Dutch Crypto Exchanges and Wallets To Come Under New AML/CTF Regulations

Wilfred Michael 

Wilfred Michael

News reporter

14 December 2018,

Cryptocurrency exchanges and wallet providers based in the Netherlands will come under new EU banking regulations proposed in a draft rule by the country’s Ministry of Finance on Dec 11.

According to financial services publication, RegulationTomorrow, Anti-Money Laundering (AML) and Counter-Terrorism Financing (CTF) laws that form part of the EU banking regulations will for the first time apply to “entities which provide services that are in charge of holding, storing and transferring virtual currencies.”

Such classification will practically include “virtual currency exchange platforms (VCEPS) and custodian wallet providers (CWPs).” The report also names crypto service providers who function in almost the same way as traditional auditors, external accountants, and tax advisors.


How The New AML/CTF Laws Affect The Crypto Industry

Sections of the new regulations which affect the crypto industry include:


1. Improved Check On Transactions Involving High-Risk Countries - According to the draft rule, cryptocurrency exchanges will now be required to enforce enhanced controls on transactions involving countries that are prone to Anti-Money Laundering (AML) and Counter-Terrorism Financing (CTF) cases.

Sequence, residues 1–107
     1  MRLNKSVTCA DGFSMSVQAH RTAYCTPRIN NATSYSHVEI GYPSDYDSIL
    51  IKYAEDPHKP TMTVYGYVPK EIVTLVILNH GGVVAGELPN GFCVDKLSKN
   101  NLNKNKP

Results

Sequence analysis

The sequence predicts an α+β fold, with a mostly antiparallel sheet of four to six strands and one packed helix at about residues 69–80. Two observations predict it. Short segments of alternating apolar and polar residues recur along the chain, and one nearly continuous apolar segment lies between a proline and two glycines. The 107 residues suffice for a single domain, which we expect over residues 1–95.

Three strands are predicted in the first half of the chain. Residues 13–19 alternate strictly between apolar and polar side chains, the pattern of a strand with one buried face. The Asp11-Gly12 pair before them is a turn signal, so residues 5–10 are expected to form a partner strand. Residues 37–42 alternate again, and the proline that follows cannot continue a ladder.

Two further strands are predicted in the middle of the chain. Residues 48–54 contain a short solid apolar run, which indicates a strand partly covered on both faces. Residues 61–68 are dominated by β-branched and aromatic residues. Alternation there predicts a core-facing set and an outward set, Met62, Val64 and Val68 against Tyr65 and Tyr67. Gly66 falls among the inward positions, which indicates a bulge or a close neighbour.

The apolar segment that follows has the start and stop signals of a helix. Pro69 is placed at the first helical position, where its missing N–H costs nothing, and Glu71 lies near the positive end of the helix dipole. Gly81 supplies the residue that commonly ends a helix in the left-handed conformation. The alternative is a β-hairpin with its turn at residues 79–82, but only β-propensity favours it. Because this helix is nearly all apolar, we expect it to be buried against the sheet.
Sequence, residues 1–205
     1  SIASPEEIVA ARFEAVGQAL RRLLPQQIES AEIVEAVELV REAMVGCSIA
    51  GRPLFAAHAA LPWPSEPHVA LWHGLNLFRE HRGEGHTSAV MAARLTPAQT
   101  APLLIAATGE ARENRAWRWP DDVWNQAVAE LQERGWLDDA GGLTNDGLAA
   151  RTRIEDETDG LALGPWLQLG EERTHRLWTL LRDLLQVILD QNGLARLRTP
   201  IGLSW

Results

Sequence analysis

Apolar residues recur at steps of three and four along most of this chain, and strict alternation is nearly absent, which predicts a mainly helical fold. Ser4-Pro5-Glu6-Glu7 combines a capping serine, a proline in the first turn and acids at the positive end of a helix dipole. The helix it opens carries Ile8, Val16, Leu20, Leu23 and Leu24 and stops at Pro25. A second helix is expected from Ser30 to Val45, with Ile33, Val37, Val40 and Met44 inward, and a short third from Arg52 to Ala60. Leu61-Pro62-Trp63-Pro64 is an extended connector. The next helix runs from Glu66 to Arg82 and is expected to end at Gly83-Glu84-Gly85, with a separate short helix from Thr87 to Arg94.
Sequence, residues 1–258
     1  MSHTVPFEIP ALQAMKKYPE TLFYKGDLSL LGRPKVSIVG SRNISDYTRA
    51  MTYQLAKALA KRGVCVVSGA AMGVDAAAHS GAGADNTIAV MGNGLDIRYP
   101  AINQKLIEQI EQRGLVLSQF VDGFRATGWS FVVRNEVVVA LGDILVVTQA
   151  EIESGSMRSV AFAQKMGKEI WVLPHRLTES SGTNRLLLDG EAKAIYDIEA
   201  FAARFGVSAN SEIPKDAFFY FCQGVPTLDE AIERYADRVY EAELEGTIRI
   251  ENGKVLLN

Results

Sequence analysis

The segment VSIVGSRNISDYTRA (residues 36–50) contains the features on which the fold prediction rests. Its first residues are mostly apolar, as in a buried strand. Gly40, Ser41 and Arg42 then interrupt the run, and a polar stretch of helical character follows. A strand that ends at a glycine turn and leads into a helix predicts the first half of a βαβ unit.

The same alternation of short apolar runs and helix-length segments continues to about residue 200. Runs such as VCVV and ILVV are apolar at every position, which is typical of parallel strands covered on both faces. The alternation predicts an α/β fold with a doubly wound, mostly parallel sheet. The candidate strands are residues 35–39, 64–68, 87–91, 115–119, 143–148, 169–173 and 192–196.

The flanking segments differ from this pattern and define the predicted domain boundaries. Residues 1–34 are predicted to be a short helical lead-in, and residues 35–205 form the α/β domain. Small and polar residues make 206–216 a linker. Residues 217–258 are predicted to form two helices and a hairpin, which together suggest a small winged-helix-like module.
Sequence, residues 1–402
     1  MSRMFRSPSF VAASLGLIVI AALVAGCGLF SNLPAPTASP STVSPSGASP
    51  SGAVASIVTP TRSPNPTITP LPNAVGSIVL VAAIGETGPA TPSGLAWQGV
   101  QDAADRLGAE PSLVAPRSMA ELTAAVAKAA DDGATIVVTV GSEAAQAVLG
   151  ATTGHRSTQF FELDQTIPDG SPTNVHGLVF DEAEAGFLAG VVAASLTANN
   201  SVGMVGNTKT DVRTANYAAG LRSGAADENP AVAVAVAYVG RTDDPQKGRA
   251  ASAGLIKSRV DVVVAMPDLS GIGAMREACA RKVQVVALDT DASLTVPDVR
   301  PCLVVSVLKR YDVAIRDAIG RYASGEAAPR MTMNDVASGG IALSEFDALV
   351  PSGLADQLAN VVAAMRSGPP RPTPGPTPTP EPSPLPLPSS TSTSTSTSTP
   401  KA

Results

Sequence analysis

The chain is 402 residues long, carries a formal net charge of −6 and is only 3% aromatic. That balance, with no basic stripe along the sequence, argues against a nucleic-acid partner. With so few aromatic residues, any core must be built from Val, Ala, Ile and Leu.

With this, there is a chance that people who trade on these exchanges will be reported to the Dutch authorities in case of any suspicious trading activity.


2. Improved Transparency: Under the proposed draft, exchanges are compelled to provide data about their clients, upon request by the authorities or Financial Intelligence Units. This measure is similar to what Japan wants to add to its crypto regulation to catch tax evaders.


3. The anonymity of e-money transactions: The crypto exchanges will only allow users to stay anonymous while using their service if they are not carrying out transactions above €150 ($169) with their prepaid cards. Transactions above this value will be restricted until the individual or business provide proof of identification.


As per the report, the laws, regulations and administrative systems that will allow the draft rule to operate in the Netherlands, should be fully implemented before the end of January 2020.